Tarrio’s GiveSendGo campaign page features a photo of him wearing the Proud Boys black and yellow colors and holding both hands above his head with forefinger and thumb touching. This is a sign that is now commonly associated with white supremacy. “I was arrested on January 4th, 2021 in Washington DC. This fund was set up to finance my legal defense and counterclaim against the city of Washington DC,” the page says.
The campaign quickly surpassed its $ 100,000 target and had more than 2,000 donors as of Tuesday night.
Tarrio was charged with property destruction in connection with a crime on December 12, 2020, according to a statement from the Washington Metropolitan Police Department sent to RNS on Monday. The crime was set to take place in the same block as Asbury United Methodist Church, whose BLM mark was among many destroyed during the December riots following a pro-Trump rally in the National Mall.
“At the time of his arrest, (Tarrio) had two high capacity firearm magazines. He was also charged with owning a high-capacity feeding device, ”the MPD statement said.
CONNECTED: Historic DC Black Church is suing proud boys for destroying the Black Lives Matter mark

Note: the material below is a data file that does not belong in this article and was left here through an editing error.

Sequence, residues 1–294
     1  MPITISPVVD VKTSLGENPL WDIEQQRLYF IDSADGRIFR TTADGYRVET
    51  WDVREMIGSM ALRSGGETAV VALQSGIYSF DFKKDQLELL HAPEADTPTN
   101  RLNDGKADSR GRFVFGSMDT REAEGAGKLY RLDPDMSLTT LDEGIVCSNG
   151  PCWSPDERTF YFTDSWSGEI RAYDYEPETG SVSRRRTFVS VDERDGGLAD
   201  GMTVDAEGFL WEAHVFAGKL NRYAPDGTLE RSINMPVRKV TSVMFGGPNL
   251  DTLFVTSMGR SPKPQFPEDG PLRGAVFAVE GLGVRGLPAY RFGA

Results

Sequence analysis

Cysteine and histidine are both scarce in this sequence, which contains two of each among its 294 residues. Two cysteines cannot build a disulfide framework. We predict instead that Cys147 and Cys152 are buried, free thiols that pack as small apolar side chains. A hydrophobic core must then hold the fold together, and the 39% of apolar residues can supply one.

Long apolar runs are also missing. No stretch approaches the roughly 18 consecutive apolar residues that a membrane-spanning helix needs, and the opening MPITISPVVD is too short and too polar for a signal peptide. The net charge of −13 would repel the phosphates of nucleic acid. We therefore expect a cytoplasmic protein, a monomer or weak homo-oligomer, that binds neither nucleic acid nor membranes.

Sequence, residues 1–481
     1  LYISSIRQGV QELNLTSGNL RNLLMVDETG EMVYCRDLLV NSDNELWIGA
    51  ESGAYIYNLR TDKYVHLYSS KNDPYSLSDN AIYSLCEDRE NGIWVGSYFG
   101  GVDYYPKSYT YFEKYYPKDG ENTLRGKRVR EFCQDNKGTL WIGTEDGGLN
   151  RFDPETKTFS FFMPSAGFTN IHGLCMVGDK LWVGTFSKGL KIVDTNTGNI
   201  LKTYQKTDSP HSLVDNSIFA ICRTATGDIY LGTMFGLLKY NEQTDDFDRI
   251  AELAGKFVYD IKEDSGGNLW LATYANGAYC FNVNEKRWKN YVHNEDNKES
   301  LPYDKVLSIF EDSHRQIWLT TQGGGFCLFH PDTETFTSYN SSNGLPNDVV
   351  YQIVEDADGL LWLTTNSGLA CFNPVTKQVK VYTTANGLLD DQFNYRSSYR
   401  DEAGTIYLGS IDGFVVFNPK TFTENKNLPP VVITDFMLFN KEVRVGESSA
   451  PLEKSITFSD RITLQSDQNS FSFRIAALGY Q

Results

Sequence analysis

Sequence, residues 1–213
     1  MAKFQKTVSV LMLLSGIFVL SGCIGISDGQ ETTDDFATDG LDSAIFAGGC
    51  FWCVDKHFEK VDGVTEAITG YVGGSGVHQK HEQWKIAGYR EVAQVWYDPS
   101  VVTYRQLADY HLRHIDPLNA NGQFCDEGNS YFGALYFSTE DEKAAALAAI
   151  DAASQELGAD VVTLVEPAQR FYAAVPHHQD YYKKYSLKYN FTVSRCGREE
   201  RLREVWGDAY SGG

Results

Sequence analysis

Metropolitan AME, a historic Washington black community, is suing the Proud Boys, claiming members of the group destroyed the church’s Black Lives Matter sign when thousands of Trump supporters came to the nation’s capital to protest Biden’s victory. The city is preparing to continue the protest on Wednesday. Some churches are demanding police protection.
Both Wilson and Wells said they do not support groups like the Proud Boys and “do not condone illegal behavior”.
They see their location as a model for Jesus’ behavior in the Gospels.
“Jesus was ridiculed by religious law, by the Pharisees, by the legalist for hanging out with drunkards and sinners,” said Wilson. “And we look at that and say, OK, if we have a platform where quote-unquotation, drunkards and sinners appear – what an opportunity for us to actually share the hope of Jesus.”
The website offers donors and supporters the opportunity to send “prayers” for the campaigns, and Wilson said they are trying to engage actively with their donor community – by sending prayers and Bible verses via email. GiveSendGo promises to return 10% of its donations to other active campaigns on the site every month.
CONNECTED: Christian crowdfunding site GiveSendGo is defending its decision to run a campaign for Kyle Rittenhouse
The campaign for Rittenhouse, who pleaded not guilty on Tuesday, has now raised more than $ 585,000.
The Illinois teenager is charged with first degree murder and a number of attempted murders. He is also accused of ruthlessly endangering two other victims and owning a gun while under the age of 18.
The shootings took place in Kenosha in August during protests demanding justice for the shooting of a black man, Jacob Blake, by Kenosha police. The officer who shot Blake will not be charged on Tuesday, according to an announcement from Kenosha District Attorney Michael Graveley.